Could voter ID law tilt North Carolina Senate race? Foes decry judge's ruling (+video)
North Carolina voters without photo ID won't be turned away from the polls this November, but they will be asked to sign an acknowledgment of the new ID requirement – a step critics worry will make for longer lines to vote.
Chris Seward/The News & Observer/AP
Lawyers seeking to block a voter identification law in North Carolina expressed disappointment Monday at the recent ruling by a federal judge in Winston-Salem that upheld the ID law and other restrictions for the November election.
The North Carolina election is being closely watched in part because of the tight race between incumbent US Sen. Kay Hagan and her Republican challenger, Thom Tillis.
The outcome could tip the balance of power in the US Senate in favor of one party or the other. Thus, any factor that might influence voting is under intense scrutiny.
The new voter ID law is one such factor, even though it does not take full effect until January 2016.
Opponents of the law are concerned that it could confuse voters and cause some to stay home.
In a ruling late Friday, US District Judge Thomas Schroeder refused to issue a preliminary injunction to block the 2013 state voter ID law.
But the judge also rejected a motion by North Carolina officials that sought the complete dismissal of legal challenges to the new law.
Instead, Judge Schroeder ruled that the plaintiffs had raised “plausible claims” about the potential discriminatory intent and impact of the new voting requirements. He said those claims would be examined during a civil trial set for July 2015.
“We are disappointed that the court did not enter a preliminary injunction,” Penda Hair of the Advancement Project, told reporters in a teleconference Monday.
She said that she and other lawyers representing the North Carolina NAACP were “confident” that the judge would rule for them after the July 2015 trial.
“This opinion is not fatal to our efforts,” said Irving Joyner, a professor at North Carolina Central University School of Law and a member of the NAACP litigation team.
“African Americans will have to work harder because of this law, and they will bear a disproportionate burden,” he said.
At issue is a state statute passed last year by the Republican-controlled legislature and signed into law by Republican Gov. Pat McCrory. Supporters say the new law helps safeguard against voter fraud.
Democrats in the state object to the new ID requirements and charge that it is designed to suppress voting by poor and elderly residents who are less likely to be able to obtain a required form of identification.
The photo ID law requires would-be voters to present a driver’s license, military identification card, or a free state-issued identification card before casting a ballot.
Those who are unable to present valid photo ID are allowed to cast a provisional ballot pending production of an acceptable form of ID.
To prevent excessive disruption at the polls, lawmakers delayed implementation of the photo ID requirement until January 1, 2016.
Nonetheless, opponents object to the so-called “soft rollout” of the measure.
Even though state residents will be able to vote without showing ID until 2016, the new law requires poll workers to ask voters if they have the required ID. If they don’t, they will be asked to sign an acknowledgment of the new ID requirement and receive information about how to obtain acceptable identification.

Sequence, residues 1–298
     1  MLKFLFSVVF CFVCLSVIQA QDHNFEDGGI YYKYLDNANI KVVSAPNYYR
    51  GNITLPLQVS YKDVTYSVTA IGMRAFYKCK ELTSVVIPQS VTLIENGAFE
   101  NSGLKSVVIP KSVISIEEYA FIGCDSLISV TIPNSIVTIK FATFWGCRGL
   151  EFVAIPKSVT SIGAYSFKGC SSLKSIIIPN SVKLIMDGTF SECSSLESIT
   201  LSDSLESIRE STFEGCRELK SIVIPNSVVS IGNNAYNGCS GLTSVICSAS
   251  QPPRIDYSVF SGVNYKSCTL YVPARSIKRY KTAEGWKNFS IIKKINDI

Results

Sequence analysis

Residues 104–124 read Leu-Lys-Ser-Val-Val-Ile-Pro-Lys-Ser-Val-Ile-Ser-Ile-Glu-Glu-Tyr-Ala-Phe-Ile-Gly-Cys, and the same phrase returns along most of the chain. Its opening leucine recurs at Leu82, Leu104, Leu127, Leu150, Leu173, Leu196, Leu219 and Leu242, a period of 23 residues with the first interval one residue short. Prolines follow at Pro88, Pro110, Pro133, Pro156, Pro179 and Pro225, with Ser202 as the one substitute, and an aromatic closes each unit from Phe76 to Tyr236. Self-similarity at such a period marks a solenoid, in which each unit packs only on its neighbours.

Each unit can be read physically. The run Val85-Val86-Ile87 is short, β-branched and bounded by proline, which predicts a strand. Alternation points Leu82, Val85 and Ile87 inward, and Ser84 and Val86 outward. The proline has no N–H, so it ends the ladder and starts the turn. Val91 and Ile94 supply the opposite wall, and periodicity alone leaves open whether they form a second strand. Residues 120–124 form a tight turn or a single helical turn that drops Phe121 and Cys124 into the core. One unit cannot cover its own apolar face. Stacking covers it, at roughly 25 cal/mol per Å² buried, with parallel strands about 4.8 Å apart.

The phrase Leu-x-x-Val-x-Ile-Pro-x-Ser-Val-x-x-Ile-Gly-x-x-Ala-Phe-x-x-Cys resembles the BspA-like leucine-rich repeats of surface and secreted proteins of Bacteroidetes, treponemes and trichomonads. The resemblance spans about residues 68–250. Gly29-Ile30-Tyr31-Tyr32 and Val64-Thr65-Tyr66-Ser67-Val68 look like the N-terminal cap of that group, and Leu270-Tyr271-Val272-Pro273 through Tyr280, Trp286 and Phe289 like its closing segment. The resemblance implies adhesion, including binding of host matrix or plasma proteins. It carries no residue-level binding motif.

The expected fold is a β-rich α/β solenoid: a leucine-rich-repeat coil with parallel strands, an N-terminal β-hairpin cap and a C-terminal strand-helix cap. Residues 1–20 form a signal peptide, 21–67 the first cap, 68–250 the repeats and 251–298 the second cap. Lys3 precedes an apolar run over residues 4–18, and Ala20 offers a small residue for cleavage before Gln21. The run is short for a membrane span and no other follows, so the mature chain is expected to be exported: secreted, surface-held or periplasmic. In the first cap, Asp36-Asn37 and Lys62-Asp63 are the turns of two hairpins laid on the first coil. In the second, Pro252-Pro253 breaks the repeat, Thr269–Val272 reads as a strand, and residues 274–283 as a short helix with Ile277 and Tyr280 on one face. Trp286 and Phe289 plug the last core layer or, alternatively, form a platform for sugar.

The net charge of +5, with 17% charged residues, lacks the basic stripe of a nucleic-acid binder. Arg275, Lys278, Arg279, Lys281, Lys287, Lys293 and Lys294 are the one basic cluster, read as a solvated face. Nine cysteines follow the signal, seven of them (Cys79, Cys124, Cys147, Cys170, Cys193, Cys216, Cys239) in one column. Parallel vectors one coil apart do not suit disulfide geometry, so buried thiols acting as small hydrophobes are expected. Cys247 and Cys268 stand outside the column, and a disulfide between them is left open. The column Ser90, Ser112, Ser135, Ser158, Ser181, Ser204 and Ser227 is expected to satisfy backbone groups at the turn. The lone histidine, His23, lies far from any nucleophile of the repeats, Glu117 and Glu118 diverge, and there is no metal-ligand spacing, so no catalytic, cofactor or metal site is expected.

Opponents object to the “soft rollout” requirements, arguing that they might result in long lines at the polls and could discourage some voters in November who might think, wrongly, they need ID to vote.
In rejecting these arguments, Schroeder said the “soft rollout” provision appeared to have been patterned on the recommendations of a bipartisan election commission chaired by former President Carter and former Secretary of State James Baker.
The commission recommended that any photo ID requirement be phased in over two federal election cycles and that IDs be easily available and issued free of charge.
“Plaintiffs have not made a clear showing that [the photo ID law’s] notice provisions for the implementation of the requirement, which does not become effective until 2016, will cause irreparable harm in the upcoming November 2014 general election,” the judge said.
He added: “Arguments about longer lines are speculative; there is no showing that the ‘soft rollout’ will cause confusion or undue lines during the November 2014 election.”
In addition to photo ID, the new law reduces the number of days available for early voting from 17 days to 10 days.
Under the new provision, the law requires that there be no reduction in the total number of hours of early voting from prior elections.
The end result is that there will be seven fewer days to vote early but the polls will remain open longer hours during the 10-day early voting period.
The US Department of Justice joined the plaintiffs seeking to block the new law. Government lawyers argue that the new law violates the Voting Rights Act and other constitutional protections.
The judge rejected a request by the Justice Department to send observers to North Carolina for the November election.
Joyner said civil rights groups in the state were working on a voter mobilization plan in advance of the fall election. He said the plan was aimed at conveying to the public “the urgency of this election and the fact that there is a full court press that is designed to undermine the rights of African Americans and other minorities.”
He added: “We have to fight this battle in the street and in the election booth.”
Ms. Hair said lawyers for the NAACP were examining a possible appeal of the judge’s decision not to issue an injunction.
The case is North Carolina State Conference of the NAACP v. McCrory (13cv658).